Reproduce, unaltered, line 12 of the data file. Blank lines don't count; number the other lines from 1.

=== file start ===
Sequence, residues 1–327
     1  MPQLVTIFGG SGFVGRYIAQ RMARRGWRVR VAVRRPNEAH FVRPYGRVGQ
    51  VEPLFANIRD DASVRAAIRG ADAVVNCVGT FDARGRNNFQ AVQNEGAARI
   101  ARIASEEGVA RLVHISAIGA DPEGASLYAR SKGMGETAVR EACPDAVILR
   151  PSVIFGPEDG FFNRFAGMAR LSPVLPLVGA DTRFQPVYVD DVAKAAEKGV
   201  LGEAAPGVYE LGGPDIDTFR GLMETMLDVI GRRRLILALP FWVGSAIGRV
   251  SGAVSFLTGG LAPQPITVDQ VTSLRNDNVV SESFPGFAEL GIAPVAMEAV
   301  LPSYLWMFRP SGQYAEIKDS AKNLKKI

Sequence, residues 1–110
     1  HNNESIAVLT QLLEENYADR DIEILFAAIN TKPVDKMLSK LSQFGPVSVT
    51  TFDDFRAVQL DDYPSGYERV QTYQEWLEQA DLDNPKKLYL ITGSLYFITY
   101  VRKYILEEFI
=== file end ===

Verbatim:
   101  VRKYILEEFI